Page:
When it comes to rapid, time-critical applications, the integration of decentralized I/O systems into the real-time MECHATROLINK-III Ethernet bus has so far been limited due to the lack of suitable modules. With the new SLIO 053ML MECHATROLINK-III interface, YASKAWA now offers a powerful alternative for the efficient integration of up to 64 input and output modules of the SLIO system.
This extremely compact I/O system also boasts a fast backplane bus, single-channel diagnostic LEDs, fixed wiring and a modular design. For example, both digital and analog inputs and outputs and counter modules are available.
Thanks to the new coupler, the flexible device can now also be used for MECHATROLINK III networks in accordance with IEC 61158/IEC 61784. Compared to the classic Ethernet or Modbus TCP coupling, the SLIO components also enable significantly faster signal transmission.
‘Singular Control’ solution
The advantages of the SLIO MECHATROLINK-III interface are clear to see when in operation: For example, the new coupler combines I/O systems with robots, servo axes, and inverter drives to form a MECHATROLINK III-based 'Singular Control' solution. The entire system can then be controlled by a single controller and programmed in just one software environment. This can increase flexibility and machine throughput without having to change the application program or integrate new controllers into the system.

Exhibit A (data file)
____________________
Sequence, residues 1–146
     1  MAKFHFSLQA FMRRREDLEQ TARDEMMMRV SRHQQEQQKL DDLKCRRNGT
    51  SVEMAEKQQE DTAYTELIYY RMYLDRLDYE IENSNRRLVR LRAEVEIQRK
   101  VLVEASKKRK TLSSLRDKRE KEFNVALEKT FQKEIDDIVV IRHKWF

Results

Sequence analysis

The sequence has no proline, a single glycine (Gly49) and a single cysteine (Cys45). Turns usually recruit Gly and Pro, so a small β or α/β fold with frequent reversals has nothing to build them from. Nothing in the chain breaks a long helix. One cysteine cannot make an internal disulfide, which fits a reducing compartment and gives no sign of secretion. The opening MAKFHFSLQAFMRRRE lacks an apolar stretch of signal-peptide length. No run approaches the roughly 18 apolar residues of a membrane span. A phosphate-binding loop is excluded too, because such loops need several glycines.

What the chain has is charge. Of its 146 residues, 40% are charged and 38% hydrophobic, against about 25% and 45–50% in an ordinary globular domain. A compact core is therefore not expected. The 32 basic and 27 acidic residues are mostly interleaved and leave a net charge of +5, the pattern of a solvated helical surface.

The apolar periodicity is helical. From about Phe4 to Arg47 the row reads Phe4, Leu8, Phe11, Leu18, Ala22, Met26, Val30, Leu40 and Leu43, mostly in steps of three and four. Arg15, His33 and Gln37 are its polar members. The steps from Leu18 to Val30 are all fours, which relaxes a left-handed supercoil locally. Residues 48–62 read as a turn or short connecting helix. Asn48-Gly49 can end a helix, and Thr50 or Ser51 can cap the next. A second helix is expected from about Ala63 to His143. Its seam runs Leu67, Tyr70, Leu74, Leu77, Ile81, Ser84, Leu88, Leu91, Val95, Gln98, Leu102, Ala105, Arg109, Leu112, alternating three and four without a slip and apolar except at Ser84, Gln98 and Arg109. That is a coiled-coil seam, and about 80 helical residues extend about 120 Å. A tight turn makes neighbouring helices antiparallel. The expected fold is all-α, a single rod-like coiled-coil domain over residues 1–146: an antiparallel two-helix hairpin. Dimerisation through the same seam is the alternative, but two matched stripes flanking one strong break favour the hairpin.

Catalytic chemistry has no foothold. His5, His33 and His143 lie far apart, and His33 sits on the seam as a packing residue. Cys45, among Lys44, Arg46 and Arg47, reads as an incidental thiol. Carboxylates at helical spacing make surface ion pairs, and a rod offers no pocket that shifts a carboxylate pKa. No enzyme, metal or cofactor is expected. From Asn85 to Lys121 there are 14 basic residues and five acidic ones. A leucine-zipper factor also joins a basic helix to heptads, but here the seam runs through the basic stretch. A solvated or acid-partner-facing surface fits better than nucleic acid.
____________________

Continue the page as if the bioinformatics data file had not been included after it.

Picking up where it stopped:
The solution is based around the MP3300iec RBT compact machine controller, a particularly powerful model from the current MP3000 product range. Uniform application programming takes place via a single software tool (MotionWorks IEC) with standard PLCopen and YASKAWA-specific function blocks, which are available free of charge and greatly simplify system programming. The integrated functions also include visualization tools, camera systems, conveyor tracking, a group toolbox and much more besides.
Effortless integration of robots into existing architectures
Users and mechanical engineers can use this 'Singular Control' solution to integrate robots into existing architectures without the need for a programming device (teachbox) or a proprietary robot programming language. The movement sequence of the individual axes of the robot or of delta-specific and customer-specific kinematics is calculated in the firmware of the controller. The programmer can concentrate on the application without having to worry about the underlying complex technology. Currently, the Motoman robots with controllers from the DX200, YRC1000 and YRC1000 Micro series can be integrated into the machine architectures via mouse click, allowing the programmer to control them with the standard PLCopen function blocks.